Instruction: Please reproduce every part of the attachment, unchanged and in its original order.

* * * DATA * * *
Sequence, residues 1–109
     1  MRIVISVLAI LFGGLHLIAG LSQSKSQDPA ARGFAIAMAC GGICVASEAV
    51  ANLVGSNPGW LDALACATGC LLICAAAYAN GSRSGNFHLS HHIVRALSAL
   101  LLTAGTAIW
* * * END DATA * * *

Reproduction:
Sequence, residues 1–109
     1  MRIVISVLAI LFGGLHLIAG LSQSKSQDPA ARGFAIAMAC GGICVASEAV
    51  ANLVGSNPGW LDALACATGC LLICAAAYAN GSRSGNFHLS HHIVRALSAL
   101  LLTAGTAIW